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When you grow older, you start to think of how you fit into this wide, diverse world. You constantly asked yourself, “What my purpose in life?” or “How am I different from everyone else; what makes me stand apart?” When I first started travel blogging, I struggled with this question. Of course there are other travel bloggers uncovering hidden gems around the world. At first, I struggled to be unique and let my quirky personality stand out, from the other “hidden gem” bloggers. Now, I’ve found my niche and what I’m about. I stand out because I’m able to immerse myself and tell the stories of locals, which is what travel bloggers often miss.
Like other travel bloggers, I’m drawn towards the unknown and want to understand other cultures and what they celebrate. Yet, we sometimes neglect to examine our own communities and why they are unique in their own right. This is one of the biggest sins committed by travelers.
We lack love for our own communities
We’re engrossed, or frankly, obsessed, in achieving “the numbers” and checking off bucket lists to-dos that we aren’t in the present. It often feels like we travel “for the ‘gram,” which is a question I hate getting asked. Instead of traveling to learn and grow, getting attention online from friends and strangers is fueling travel. In our digital-obsessed society, our social value and self worth is determine by the number of likes our travel photos get instead of sharing our experiences while abroad, even those that are hard to hear.
This cycles back to travelers not appreciating our homes and celebrating them. Similarly, to not being satisfied if our vacation posts are not liked or loved enough on social media, we’re not satisfied with our daily exposure to the wonders around us. In short, we take everything for granted.
It requires a certain mindset to appreciate the little things and not compare ourselves to others who live a more glamorous lifestyle. It’s easy to look at a famous YouTuber, idolize them and lust after their lives. Our minds are consumed by envy. What takes courage is noting our current reality and being satisfied with it.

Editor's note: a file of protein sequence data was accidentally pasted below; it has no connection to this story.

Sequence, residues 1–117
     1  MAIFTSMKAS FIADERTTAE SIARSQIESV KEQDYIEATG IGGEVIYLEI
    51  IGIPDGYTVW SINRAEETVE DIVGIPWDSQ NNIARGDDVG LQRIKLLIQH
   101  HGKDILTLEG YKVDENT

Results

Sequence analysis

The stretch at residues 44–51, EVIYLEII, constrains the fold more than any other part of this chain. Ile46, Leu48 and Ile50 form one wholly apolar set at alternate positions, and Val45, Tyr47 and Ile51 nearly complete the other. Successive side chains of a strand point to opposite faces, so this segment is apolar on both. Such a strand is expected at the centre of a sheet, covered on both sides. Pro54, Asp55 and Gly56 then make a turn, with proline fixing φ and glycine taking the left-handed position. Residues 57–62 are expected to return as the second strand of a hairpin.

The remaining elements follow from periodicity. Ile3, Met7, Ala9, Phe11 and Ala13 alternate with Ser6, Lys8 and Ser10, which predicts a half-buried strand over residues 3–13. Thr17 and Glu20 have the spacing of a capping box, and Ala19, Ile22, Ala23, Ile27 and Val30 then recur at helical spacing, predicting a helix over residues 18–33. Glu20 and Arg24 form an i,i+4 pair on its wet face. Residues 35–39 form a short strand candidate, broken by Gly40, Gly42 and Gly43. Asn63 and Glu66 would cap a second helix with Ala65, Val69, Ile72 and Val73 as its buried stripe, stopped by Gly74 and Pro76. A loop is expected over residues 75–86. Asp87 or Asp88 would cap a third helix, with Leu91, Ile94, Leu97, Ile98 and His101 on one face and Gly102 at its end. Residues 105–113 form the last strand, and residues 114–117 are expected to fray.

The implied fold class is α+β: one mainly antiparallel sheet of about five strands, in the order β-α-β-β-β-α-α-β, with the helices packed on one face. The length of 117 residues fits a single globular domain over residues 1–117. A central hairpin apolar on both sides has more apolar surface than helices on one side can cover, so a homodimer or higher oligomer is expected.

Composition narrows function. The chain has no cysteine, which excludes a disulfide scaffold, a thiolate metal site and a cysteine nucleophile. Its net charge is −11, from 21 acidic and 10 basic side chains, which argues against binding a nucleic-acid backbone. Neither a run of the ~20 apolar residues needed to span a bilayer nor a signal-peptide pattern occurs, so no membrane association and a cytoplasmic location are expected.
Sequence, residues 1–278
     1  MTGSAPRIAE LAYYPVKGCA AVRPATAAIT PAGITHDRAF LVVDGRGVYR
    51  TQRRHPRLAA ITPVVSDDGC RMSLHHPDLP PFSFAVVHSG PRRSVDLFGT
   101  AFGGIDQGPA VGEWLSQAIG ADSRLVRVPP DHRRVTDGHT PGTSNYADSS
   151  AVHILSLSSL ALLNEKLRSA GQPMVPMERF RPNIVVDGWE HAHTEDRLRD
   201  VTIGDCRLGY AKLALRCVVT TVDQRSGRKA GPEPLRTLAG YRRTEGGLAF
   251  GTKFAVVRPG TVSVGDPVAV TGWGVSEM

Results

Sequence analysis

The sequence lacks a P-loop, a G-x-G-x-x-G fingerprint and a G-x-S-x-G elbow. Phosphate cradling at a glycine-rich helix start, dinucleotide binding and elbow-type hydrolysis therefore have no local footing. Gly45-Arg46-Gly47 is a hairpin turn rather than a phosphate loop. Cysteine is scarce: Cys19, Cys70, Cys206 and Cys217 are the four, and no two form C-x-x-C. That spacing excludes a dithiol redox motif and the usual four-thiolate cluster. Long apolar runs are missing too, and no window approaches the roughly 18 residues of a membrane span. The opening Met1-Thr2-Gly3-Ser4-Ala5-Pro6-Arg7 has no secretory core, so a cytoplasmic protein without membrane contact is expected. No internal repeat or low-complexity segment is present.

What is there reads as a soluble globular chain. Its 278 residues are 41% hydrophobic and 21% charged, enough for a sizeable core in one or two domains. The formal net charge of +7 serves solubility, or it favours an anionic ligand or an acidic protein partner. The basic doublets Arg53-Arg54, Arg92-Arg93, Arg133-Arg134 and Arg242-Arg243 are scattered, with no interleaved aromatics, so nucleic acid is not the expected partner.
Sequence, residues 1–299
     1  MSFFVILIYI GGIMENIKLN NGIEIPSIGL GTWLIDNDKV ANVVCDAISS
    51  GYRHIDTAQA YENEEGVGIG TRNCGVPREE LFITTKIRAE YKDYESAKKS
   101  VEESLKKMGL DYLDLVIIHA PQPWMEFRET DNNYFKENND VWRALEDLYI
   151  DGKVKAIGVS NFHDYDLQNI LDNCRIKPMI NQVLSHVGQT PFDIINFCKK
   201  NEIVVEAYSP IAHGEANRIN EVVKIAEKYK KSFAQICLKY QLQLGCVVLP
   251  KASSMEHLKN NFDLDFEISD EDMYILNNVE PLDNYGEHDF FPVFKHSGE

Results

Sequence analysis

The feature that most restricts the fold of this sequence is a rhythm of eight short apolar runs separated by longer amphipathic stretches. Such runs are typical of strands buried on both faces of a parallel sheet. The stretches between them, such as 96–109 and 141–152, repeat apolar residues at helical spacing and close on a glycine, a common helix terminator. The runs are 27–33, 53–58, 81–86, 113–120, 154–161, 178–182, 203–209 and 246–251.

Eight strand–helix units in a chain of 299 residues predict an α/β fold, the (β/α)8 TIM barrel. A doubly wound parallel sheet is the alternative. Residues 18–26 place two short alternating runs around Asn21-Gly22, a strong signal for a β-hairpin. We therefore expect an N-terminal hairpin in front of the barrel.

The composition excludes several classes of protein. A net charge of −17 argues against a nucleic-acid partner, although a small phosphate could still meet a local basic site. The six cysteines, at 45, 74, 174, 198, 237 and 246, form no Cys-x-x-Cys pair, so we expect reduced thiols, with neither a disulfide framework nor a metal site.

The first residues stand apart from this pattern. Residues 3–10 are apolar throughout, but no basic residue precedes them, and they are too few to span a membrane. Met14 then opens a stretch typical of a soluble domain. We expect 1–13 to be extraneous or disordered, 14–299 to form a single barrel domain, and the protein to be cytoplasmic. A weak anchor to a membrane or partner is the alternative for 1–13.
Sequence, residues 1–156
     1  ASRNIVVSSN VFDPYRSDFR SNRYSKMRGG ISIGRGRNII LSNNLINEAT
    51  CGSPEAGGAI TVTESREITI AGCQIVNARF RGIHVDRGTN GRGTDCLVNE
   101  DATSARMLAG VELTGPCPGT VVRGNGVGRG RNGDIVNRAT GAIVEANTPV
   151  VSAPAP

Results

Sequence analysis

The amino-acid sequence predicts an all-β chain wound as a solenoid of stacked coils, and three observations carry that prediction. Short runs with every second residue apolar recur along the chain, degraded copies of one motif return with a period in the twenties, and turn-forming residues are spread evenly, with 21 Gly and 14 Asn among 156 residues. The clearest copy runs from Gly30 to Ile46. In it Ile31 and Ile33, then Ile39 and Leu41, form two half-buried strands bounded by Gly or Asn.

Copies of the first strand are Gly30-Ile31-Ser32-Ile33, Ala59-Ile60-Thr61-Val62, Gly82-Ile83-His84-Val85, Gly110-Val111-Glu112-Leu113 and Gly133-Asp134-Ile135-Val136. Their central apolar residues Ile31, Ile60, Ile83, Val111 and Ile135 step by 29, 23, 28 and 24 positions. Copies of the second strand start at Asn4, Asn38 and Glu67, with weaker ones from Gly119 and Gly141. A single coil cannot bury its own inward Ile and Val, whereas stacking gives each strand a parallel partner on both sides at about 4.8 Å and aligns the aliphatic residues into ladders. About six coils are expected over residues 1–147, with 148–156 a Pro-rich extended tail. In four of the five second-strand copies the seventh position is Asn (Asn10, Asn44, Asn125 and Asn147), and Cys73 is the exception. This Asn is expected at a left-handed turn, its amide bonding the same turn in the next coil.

Real talk: as a travel blogger, I take roughly three international trips a year. Compared to the average person, that’s may be significantly more, but that’s the lifestyle I choose. In contrast, it’s easy for me to envy other travel bloggers or digital nomads who do not have a home base or live on the road and be jealous that they travel more than me. I could let that envy consume me and make me miserable of my current situation, but I won’t.
I love having a comfortable bed and a couch to call my own. Owning pots and pans and being able to host a wine night with my girlfriends, brings me joy. I adore my dinky two-bedroom apartment and becoming friends with my next door neighbors. I get a sense of adventure every time I take out my bike and wheel to the nearest park. It’s these little things that make me appreciate the place that I call home and where I hope one day to establish roots.
Why it’s important
It’s imperative that we acknowledge that we all have different lifestyles and that there is no “ideal” way to live. Rather, there’s multiple ways to be happy, you just need to find what caters to you.
Forget the hype and stay mindful and grounded when surfing online. Yes, it might be fun to live in a new country each month, but there are harsh realities that come with that as well. You’ll never have a bed to permanently call your own or become a local or a neighborhood eatery. Instead of addressing the reality of each situation, we force on the negatives of our current situations and over-glamorize fantasy scenarios. Because, who are we kidding, anything is better than what we already have.
We’ll always be unsatisfied unless we change how we think about travel and what home really means.
Doing my part
I specifically call the state of Minnesota (United States) home. You may have heard me from time and time ago ramble on about Minnesota’s beauty and what little quirks my home state has to offer, but these are just short snippets in my usual complaining monologue. I often refer to my home state in disdain when more than 25 inches of snow falls at a time, the mosquitos eat me to bits, or for a myriad of other stupid excuses.
But that’s all about to change.
Part of my job description, now, will be to explore my own home and city and find hidden gems. Remaining rooted and embracing my reality will be a struggle, but I’m determined to try. With that said, I’ll be posted my more Minnesota content in the near future and educate others about my home.